Our last evening near Dome Rock was topped off by another nice sunset. As we were loading things into the truck for our departure on Sunday morning, we received an invite to a hot dog supper. Now there’s not much that tastes better in the great outdoors, than a hotdog consumed around a campfire with friends. Fred and Mary did a fine job of feeding the crew.
Sunday morning found us on our way to the Pit Stop to dump tanks and fill up with water. We were heading for Yuma, and a Walmart run, followed by the drive to Organ Pipe Cactus National Monument. We thought we were never going to arrive, but did shortly before evening. Just in time to fix some supper before darkness caught us.
It was cloudy Saturday night, so we missed seeing the rise of the full moon. I knew it would be almost as good on Sunday night, so i grabbed my camera and tried to get some pictures. I know for a fact that National Geographic won’t be calling.
It’s hard to combine darkness and light with my simple camera. I did get a good one after it cleared the horizon.
Monday found me on the trail, again. Nothing fancy, just a walk to an old mine.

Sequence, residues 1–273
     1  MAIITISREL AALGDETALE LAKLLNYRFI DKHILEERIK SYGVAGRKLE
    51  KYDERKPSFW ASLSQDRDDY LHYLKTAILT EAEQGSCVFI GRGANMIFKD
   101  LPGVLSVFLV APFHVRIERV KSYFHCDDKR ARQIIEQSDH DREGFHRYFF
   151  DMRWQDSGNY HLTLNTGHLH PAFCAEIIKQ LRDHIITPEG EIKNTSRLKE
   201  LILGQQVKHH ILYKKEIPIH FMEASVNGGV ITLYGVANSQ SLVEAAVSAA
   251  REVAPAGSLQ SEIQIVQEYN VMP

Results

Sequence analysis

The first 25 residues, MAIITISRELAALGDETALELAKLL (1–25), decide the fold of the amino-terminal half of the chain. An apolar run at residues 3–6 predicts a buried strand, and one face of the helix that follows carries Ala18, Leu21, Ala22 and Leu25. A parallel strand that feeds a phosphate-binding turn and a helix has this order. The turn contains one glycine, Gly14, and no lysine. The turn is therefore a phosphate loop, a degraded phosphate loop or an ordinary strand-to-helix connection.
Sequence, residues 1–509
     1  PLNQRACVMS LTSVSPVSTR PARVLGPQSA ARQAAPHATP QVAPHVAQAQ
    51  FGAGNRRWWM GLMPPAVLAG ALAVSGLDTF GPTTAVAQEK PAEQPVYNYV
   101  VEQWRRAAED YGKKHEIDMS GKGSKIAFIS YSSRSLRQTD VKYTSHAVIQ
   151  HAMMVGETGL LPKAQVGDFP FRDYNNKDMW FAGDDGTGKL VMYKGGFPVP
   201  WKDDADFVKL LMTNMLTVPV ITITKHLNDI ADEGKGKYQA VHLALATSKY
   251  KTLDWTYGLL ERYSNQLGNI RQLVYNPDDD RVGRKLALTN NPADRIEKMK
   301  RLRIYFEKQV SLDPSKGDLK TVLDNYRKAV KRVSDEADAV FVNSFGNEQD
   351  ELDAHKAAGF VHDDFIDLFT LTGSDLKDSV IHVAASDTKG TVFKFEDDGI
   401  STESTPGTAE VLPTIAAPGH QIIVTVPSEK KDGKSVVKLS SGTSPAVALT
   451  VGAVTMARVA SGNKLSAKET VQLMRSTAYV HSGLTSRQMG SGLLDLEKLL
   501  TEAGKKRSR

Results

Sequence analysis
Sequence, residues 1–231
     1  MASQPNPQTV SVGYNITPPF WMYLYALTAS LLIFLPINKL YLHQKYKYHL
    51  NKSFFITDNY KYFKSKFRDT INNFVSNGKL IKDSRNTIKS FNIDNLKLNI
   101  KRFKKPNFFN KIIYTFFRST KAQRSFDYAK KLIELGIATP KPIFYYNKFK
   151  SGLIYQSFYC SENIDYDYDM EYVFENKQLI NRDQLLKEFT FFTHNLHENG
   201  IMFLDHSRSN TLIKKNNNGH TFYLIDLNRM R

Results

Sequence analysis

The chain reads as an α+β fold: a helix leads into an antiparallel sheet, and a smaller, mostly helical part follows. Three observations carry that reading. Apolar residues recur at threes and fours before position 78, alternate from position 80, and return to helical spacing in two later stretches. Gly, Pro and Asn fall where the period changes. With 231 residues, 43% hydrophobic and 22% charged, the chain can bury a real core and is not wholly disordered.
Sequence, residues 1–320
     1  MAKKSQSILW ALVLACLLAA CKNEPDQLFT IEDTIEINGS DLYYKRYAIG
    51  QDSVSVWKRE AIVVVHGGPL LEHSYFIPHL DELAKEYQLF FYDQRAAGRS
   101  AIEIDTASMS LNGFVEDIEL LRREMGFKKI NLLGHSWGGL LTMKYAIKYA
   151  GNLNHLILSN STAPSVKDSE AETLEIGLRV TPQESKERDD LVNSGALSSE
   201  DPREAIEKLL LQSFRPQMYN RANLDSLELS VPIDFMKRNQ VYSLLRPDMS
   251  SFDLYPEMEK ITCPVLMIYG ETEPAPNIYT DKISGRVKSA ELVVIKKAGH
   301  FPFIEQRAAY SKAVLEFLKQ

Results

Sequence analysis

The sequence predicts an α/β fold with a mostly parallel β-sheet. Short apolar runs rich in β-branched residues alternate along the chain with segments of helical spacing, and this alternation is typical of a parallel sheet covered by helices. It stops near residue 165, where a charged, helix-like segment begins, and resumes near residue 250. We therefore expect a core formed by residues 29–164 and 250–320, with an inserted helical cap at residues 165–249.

Through lots of Saquaro, and Organ Pipe. Early settlers thought the cactus looked like the pipes on an organ, hence the name.
Not much left at the old mine. Probably copper, but possibly some silver.
I’m always impressed with the machinery that was hauled by mule and wagon back into such desolate areas.
Yep, that’s a 60’s era steel bath tub in there. Not sure where the water came from.
A number of shafts around the area, but all were fenced off with wire, or a more permanent solution.
Bats by the thousands use the old shafts for hiding, and also raising their young during the Summer. That’s the reason for the open configuration.
On the way back to the campground I passed this old dead twisted tree. No telling how old it was before it died. Reminded me of the permanence of the desert.
The Desert. Supposedly, a place where nothing lives……jc